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Making Your Own Recipes: How to Get Inspired

Updated on May 3, 2013
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Vespa's recipes have appeared in "Midwest Living" and "Taste of Home". She belongs to Cook's Recipe Testers for "Cook's Illustrated".

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How New Recipes Are Made

Are there any great recipes on the horizon yet to be discovered? It has been said there are no new recipes, just reinventions of what has already been done. But don't let that discourage you. Each cook has his own unique preferences, background and exposure to foods which reflects in his or her cooking.

We've already discussed the legalities surrounding recipe creation in the article, "How to Copyright a Recipe: Recipe Attribution." But how exactly are new recipes made?

Perhaps you married into a culture different from the one in which you were raised. Maybe you've been itching to give one of your grandmother's recipes a modern makeover. Or you could be on a special diet and find offerings on the internet sadly lacking. If so, you will never regret learning to create your own recipes. And you might just have some fun along the way! So what's the first step?


Experience is the Best Teacher

Unless you're a trained chef, you probably learned your skills by accompanying a parent or grandparent in the kitchen, watching cooking shows and reading cookbooks. If you are not experienced in the kitchen, these are all good places to start.

No matter how extensive your hands-on experience, though, reading will further enhance your abilities. Start your education by learning the basic flavors recognized by the human tongue: sweet and sour, salty and bitter. Some would also add "umami" and spicy. Chefs seek to create balance and harmony first on the plate and then on the palate, just like great artists seeks to paint a canvas aesthetically pleasing to the eyes.


Educate Yourself With Cookbooks

"Cooks' Book of Intense Flavors" is a great read, and there are plenty of exercises to train your tastebuds along the way. And no matter what you've been told, it is important to read cookbooks. As you browse recipes ask yourself: Why does this dish appeal to me? Is it the presentation? What is the role of each ingredient? Which techniques are important for the success of this recipe? What are the right proportions? Technique and proportion is important for everything from baking cookies to mixing up a vinaigrette. Just think about cookies for a moment.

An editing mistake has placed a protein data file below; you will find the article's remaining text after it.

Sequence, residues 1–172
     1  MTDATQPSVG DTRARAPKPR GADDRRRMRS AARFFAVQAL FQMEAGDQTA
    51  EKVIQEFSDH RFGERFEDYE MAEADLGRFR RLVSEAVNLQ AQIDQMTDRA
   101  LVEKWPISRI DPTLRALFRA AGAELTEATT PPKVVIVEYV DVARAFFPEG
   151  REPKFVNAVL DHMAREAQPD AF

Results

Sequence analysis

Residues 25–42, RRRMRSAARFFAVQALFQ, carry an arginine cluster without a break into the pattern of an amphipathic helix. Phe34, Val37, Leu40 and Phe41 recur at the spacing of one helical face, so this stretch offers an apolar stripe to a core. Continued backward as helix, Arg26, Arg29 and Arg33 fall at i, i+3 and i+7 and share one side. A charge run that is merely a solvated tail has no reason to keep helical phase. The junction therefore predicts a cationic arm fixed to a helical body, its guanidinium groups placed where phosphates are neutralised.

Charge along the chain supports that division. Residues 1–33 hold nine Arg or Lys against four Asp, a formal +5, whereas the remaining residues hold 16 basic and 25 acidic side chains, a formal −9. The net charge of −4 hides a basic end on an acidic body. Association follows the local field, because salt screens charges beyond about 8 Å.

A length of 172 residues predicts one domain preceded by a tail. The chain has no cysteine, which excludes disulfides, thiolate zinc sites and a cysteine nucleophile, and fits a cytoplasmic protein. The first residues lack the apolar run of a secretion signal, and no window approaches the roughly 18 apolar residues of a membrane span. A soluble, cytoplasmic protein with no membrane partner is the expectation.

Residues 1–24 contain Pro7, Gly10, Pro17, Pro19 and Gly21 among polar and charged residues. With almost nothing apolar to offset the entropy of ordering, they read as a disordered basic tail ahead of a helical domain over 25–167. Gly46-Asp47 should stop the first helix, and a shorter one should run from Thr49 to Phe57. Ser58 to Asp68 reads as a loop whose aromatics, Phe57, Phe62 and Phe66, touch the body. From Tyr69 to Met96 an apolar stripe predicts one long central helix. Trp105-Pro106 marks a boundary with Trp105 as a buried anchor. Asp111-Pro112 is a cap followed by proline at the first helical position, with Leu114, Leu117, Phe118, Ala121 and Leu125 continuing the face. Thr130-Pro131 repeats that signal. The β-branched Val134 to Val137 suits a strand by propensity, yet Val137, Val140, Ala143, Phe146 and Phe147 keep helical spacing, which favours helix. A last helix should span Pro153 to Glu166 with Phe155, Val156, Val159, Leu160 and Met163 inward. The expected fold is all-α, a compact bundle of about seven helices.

A basic cookie recipe has fat, sugar, flour and eggs. Fat contributes toward soft and chewy texture, sugar sweetens, flour stabilizes and egg binds everything together. For a cookie recipe to work, it needs equal parts fat and sugar, double the amount of flour and a leavening agent such as soda or power. Of course, there are many variations on the basic recipe. But you have to understand the basic ingredients and their functions before embarking on your own creations.


Cookbooks are a great source of inspiration
Cookbooks are a great source of inspiration | Source
Ingredients can inspire a new dish
Ingredients can inspire a new dish | Source

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Where to Find Inspiration

Once you've had a proper education and experience cooking, it's time to get inspired! When I've temporarily misplaced my cooking mojo or I'm dreaming up a new concoction, I often turn to photos.

Thumb through cookbooks and glossy food magazines. Check out photo-driven food sites like pinterest or foodgawker.com. Go to your favorite restaurant and have a meal or simply skim the menu for ideas. What's unique about the dish? Consider giving a recipe a healthy makeover; think gluten-free chocolate cake. Or give a classic dish a new ethnic identity, for instance, Chipotle sushi wraps.

Head to your nearest farmer's market or gourmet food store. Stroll down the aisles and draw inspiration from seasonal ingredients. Fragrant, golden persimmons might send you scrambling to the kitchen to whip up a batch of Peppered Balsamic Persimmon Jam. Or consider building a dish around a certain vegetable, fruit, cut of meat or herb.



Put It Down on Paper

Once you're submerge in the world of food, it's only a matter of time until ideas begin flooding your mind. Don't ignore those inner musings. Keep a notepad and pen handy. For example, one day a friend treated me to a tall, cool glass of horchata. Suddenly I realized horchata would translate into a creamy frozen treat. Horchata ice cream! I didn't know if a recipe had been developed already, but it sounded to-die-for. Then I started brainstorming and before long, I'd developed an ethnic ice cream sundae: Horchata Ice Cream with Bananas & Butter Caramel Sauce.

Once you have an idea in mind, it's time to outline. But that's another subject we'll consider in the article "How to Create Your Own Recipes". Meanwhile, let's get in that kitchen and start cooking!


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